In two recent precedential decisions of the Trademark Trial and Appeal Board (the “Board”), it was determined that the proposed trademark CLEAR for footwear, lingerie, and other related clothing items and for purses and other types of handbags was deceptively misdescriptive of the goods. See In re Dolce Vita Footwear, Inc., 2021 USPQ2d 478 (TTAB 2021) [precedential] and In re Dolce Vita Footwear, Inc., 2021 USPQ2d 479 (TTAB 2021) [precedential]. See our webpage entitled, Trademark Application Refusal Based On Descriptiveness and Deceptiveness, for more details on deceptively misdescriptive refusals. It should be noted that the Examining Attorney first refused the application based on the grounds of the mark being merely descriptive of the goods. Once the Applicant raised the issue that its goods did not have features that could be described as clear or transparent, the Examining Attorney then refused the application on the alternative ground that the proposed mark is deceptively descriptive of the goods. In the final office action, both 2(e)1 refusals were maintained, and the id was amended to exclude “transparent goods”. The Applicant filed an appeal.
It is important to keep in mind that the Examining Attorney’s primary objective is to protect the public from confusion or deception. Based on use of Dolce Vita Footwear Inc.’s (Applicant’s) proposed trademark CLEAR for apparel, bags, and footwear the Examining Attorney argued that the public will believe that the branded goods are transparent or clear. The determination that the mark is misdescriptive is based on evidence showing it is common in the fashion industry to have clear footwear, clothing, and bags even though Applicant amended the id to exclude transparent goods.
The Examining Attorney submitted definitions for the term “Clear”, screenshots from the Applicant’s website showing descriptive use of the word “Clear”, and webpages from competitors’ websites in the fashion industry. These screenshots demonstrated use of the term “Clear” in conjunction with features such as transparent straps or heels on footwear or features of lingerie, skirts, dresses or bags. For the second prong of the test, the “reasonably prudent consumer” test is applied.
Under trademark law, a mark is deceptively misdescriptive if it: (1) misdescribes a characteristic, feature, function or quality of the goods or services and (2) consumers would be likely to believe the misrepresentation. See In re Budge Mfg. Co., 857 F.2d 773, 8 USPQ2d 1259, 1260 (Fed. Cir. 1988). Regarding the first prong of the test, a trademark is misdescriptive if it could be merely descriptive of the goods based on other goods in the industry possessing the feature named in the mark, but the goods do not have this feature. See In re Hinton, 116 USPQ2d 1051, 1052 (TTAB 2015) (citing In re Shniberg, 79 USPQ2d 1309, 1312 (TTAB 2006). The Board held that the dictionary definition of “Clear” and the third-party website evidence convinced it that consumers will perceive the mark CLEAR as describing a feature of the footwear, clothing, or bags such as transparent or “clear,” accents. Applicant’s restriction of the id to exclude transparent goods could not avoid a finding of deceptively misdescriptive. Moreover, consumers would not be aware of the restricted identification, and the restriction would not control public perception.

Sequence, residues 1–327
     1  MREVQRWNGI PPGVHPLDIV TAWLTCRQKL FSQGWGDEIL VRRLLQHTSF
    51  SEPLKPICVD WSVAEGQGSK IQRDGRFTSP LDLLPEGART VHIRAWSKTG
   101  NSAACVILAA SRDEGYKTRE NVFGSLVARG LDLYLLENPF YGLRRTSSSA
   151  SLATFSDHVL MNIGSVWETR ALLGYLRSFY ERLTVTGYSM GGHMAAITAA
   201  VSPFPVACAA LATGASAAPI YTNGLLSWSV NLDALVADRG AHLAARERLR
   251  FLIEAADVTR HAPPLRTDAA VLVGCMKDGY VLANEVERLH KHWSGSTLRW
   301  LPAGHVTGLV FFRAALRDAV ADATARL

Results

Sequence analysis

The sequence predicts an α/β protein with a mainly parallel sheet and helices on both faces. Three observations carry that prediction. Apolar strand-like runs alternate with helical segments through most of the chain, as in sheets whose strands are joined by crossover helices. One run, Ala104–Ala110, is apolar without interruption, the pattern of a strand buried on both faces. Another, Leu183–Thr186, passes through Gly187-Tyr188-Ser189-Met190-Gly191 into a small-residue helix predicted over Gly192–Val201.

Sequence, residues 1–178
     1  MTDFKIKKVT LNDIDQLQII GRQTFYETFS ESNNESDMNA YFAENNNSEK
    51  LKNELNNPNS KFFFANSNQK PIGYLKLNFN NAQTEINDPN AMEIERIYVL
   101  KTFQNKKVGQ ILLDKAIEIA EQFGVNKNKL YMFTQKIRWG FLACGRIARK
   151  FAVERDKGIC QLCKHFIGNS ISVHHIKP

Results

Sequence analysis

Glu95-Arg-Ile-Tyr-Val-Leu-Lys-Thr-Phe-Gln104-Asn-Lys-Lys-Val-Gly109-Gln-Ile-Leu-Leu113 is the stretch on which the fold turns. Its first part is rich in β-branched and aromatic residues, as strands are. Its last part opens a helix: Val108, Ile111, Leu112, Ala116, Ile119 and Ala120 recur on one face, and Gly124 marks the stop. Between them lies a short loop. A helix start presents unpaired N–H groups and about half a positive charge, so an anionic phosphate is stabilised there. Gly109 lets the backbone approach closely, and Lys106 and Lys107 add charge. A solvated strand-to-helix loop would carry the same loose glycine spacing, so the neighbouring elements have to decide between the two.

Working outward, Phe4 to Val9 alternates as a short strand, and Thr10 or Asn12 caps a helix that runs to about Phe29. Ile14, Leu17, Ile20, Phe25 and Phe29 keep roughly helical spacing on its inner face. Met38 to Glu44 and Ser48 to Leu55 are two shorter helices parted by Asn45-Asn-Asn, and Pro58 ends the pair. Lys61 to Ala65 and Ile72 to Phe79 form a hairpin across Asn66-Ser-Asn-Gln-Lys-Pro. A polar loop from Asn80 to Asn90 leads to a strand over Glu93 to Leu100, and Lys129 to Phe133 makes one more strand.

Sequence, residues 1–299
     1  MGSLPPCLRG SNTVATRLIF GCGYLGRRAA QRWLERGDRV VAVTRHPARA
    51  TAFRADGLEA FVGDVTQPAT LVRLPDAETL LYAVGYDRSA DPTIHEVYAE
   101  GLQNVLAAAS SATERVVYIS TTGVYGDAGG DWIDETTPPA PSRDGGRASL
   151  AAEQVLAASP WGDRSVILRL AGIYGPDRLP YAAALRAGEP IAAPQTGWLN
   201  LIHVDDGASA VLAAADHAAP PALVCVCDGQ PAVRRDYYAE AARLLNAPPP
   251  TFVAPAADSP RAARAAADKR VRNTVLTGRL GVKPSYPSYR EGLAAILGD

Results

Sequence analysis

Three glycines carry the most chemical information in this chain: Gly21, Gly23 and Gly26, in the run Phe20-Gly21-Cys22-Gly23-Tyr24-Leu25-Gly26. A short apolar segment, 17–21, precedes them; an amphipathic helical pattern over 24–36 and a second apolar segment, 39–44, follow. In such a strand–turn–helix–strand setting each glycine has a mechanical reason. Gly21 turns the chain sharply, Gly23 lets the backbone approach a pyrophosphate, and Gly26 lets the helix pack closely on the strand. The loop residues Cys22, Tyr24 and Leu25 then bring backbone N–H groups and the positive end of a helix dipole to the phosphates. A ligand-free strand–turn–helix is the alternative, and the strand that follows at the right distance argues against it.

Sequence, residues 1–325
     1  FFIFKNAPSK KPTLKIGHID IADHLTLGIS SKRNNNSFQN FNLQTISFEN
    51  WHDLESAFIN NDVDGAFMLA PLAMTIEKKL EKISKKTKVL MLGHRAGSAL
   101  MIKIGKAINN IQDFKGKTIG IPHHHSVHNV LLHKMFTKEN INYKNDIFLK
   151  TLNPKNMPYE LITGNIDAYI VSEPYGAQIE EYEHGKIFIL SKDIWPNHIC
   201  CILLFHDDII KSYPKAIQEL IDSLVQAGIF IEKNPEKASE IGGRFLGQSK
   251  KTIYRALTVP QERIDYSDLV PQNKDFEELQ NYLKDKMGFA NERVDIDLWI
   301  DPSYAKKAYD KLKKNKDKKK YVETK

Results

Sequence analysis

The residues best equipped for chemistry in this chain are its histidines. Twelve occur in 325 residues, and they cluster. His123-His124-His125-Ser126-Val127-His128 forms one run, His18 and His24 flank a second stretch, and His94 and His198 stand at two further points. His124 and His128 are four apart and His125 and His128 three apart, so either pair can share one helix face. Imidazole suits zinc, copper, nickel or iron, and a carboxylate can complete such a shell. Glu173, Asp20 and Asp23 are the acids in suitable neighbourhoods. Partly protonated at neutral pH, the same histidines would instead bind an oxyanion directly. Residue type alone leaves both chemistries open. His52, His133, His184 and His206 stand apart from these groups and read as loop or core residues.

The Applicant did not submit evidence to prove there were alternate meanings for the term “Clear”. Applicant argued that upon inspection, a consumer could visibly see the goods did not have clear elements, but the Board was not persuaded by this line of reasoning. The Board countered by stating that this logic does not negate the consumers’ understanding before they inspect the goods, or if they encountered the mark by word of mouth, in social media or in print without an image of the goods. In the end, the Board affirmed both refusals for footwear, lingerie, related apparel items, various types of bags and business cards and credit card cases on the grounds that the mark was deceptively descriptive under Section 2(e)(1) of the Trademark Act. For more information on this topic see our webpage entitled, Common Grounds For Refusal Of A Trademark. If you still have inquiries, please contact the firm for a courtesy consultation.